Cat. I.12 Charles de la Fosse, Diana and her Nymphs : the painting appeared to have been lost. It was “found again in 1995 in a restoration workshop where it had been sent [sic]”.
3. François Verdier (1652-1730)
Apollo Keeping Admetus’ Herds
Oil on canvas - 126 x 186 cm
Versailles, Musée national du Château
Photo : RMN
Cat. I.26 Noël Coypel, Apollo Keeping Admetus’ Herds (ill.3) : the painting was found only in 1987 and has been on deposit at Versailles since 1989.
Cat. I.28 Antoine Coypel, Apollo and Daphne : the painting was found in 1968 and returned to Versailles.
Cat. I.29 Michel II Corneille, Acis and Galatea : the same as above.
Cat. I.55 Noël Coypel, Hercules Sacrificed to Jupiter : the painting was found at Versailles after the publication of the first edition.
Cat. I.70 Michel II Corneille, Iris and Jupiter : this painting was not reproduced in the original edition.
Cat. I.74 and I.75 Anonymous, Vertumnus and Pomona and Mars Resting : due no doubt to their poor condition at the time, these two paintings were not reproduced in the first edition.
Cat. I.77 Louis II de Boullogne, Thalia and Erato : this painting was not reproduced in the original edition (re. preparatory drawings for this composition and cat. I.76, see news item of 20/5/06 in French).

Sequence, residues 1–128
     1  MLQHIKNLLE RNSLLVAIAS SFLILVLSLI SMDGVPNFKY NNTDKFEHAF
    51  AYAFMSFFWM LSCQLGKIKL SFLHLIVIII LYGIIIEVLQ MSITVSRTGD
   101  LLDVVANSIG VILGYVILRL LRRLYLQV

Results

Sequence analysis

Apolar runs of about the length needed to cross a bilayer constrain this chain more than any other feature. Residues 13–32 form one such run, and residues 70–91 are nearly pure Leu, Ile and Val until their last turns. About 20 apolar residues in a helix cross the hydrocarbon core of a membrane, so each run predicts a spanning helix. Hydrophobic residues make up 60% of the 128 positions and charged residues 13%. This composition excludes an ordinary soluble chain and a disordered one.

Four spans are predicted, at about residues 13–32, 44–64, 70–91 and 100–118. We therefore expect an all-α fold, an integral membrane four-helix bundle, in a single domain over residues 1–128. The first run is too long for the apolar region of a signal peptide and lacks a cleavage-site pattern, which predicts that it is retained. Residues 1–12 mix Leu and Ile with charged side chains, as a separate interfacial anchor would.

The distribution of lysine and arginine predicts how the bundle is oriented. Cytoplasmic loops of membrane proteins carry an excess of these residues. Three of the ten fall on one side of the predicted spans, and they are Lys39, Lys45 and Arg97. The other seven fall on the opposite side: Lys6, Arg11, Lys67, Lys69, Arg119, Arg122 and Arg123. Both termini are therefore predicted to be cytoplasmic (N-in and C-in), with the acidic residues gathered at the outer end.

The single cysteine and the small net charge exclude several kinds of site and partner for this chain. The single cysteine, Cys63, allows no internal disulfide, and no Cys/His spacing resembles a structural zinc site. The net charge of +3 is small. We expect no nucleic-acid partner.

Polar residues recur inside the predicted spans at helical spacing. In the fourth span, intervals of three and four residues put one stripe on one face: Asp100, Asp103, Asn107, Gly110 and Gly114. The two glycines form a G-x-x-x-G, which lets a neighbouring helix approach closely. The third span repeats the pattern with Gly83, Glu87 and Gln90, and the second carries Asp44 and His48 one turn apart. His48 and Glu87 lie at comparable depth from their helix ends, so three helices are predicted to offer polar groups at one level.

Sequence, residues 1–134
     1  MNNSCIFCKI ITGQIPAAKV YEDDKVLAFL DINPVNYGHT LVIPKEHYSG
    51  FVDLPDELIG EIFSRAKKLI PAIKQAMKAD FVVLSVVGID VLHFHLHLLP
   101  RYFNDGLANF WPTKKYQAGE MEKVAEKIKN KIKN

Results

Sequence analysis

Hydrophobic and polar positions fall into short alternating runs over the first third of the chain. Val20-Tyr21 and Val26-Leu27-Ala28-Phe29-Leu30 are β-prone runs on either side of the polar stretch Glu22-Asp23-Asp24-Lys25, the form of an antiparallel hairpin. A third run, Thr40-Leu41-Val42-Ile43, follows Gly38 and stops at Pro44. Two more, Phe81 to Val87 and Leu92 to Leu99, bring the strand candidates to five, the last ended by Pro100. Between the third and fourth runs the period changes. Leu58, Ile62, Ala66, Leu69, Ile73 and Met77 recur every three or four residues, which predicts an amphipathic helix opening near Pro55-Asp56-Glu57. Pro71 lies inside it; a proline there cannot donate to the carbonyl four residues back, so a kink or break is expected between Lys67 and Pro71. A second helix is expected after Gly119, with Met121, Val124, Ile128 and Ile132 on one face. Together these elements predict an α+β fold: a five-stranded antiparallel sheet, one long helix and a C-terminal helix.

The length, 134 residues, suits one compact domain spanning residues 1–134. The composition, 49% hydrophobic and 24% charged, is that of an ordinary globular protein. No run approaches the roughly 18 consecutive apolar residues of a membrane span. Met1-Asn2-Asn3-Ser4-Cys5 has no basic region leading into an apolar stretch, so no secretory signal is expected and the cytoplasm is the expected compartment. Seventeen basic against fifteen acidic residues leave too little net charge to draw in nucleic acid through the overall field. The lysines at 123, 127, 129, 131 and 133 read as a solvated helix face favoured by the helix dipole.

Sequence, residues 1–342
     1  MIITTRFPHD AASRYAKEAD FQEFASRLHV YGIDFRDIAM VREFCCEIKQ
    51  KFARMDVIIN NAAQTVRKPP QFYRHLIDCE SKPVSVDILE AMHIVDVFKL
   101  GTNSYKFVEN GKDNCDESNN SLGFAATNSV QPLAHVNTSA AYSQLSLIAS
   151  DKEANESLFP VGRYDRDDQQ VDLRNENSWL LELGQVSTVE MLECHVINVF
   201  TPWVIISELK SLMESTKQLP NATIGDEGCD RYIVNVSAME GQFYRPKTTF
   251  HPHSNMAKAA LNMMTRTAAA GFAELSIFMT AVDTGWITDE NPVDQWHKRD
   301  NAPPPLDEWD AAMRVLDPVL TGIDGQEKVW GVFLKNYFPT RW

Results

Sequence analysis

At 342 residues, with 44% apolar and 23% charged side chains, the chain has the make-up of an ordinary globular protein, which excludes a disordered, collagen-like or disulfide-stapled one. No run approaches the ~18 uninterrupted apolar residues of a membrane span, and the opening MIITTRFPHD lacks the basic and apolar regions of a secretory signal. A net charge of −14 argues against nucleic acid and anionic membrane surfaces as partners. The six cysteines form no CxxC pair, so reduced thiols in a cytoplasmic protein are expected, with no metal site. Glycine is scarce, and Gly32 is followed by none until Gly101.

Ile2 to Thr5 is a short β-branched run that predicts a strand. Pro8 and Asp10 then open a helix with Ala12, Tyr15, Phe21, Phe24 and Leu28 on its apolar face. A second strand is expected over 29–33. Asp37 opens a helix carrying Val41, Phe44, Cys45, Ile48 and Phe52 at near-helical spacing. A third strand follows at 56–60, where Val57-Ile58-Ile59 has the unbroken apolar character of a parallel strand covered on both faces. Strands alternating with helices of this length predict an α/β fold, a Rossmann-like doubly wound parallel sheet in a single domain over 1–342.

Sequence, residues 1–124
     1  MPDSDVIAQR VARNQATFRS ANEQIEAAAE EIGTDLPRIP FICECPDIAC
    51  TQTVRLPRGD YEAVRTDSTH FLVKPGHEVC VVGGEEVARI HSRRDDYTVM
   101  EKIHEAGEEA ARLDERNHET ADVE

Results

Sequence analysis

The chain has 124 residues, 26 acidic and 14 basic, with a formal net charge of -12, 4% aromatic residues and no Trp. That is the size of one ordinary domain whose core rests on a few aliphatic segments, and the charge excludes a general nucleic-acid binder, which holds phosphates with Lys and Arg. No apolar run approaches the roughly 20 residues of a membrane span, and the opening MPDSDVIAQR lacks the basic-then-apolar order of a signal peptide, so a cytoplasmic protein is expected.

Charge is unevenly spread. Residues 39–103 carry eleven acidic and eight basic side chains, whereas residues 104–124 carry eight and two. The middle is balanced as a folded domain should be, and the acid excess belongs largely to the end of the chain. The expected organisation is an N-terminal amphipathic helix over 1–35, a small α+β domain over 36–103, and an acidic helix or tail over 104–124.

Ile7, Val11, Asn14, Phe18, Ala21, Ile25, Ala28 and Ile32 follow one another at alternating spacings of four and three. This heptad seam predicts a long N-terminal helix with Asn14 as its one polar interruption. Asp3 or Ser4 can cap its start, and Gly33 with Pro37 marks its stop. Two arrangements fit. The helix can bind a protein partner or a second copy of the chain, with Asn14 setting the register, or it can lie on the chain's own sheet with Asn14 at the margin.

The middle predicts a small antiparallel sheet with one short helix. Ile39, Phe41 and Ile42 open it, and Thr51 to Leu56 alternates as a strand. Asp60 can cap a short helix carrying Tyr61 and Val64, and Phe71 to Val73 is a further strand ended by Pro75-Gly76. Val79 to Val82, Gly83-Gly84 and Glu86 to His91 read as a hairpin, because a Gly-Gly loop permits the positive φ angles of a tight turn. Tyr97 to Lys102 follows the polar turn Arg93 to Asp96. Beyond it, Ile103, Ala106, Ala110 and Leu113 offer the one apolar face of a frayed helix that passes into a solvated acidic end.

The landscapes, particularly those by Jean Cotelle are not all illustrated, also the case in the first edition. This can probably be explained by the fact that they are well known and often reproduced. Numbers III.49 to III.51 are attributed by Antoine Schnapper to P. D. Martin (Martin the Younger) but in the new edition, the legend mentions Jean-Baptiste Martin without providing an explanation for this new attribution. Is it just a typo ?
Ten flower paintings are reproduced, as opposed to only three in the original. Let us point out that the attribution to Antoine Monnoyer (the son of Jean-Baptiste) of numbers I.25 to I.28 about which Schnapper was very cautious has been maintained, as it appears that no additional information has been found.
Antoine Schnapper, new updated edition by Nicolas Milovanovic, Tableaux pour le Trianon de marbre, 2010, RMN and Société des Amis de Versailles, 240 p., 49€. ISBN : 9782711855377.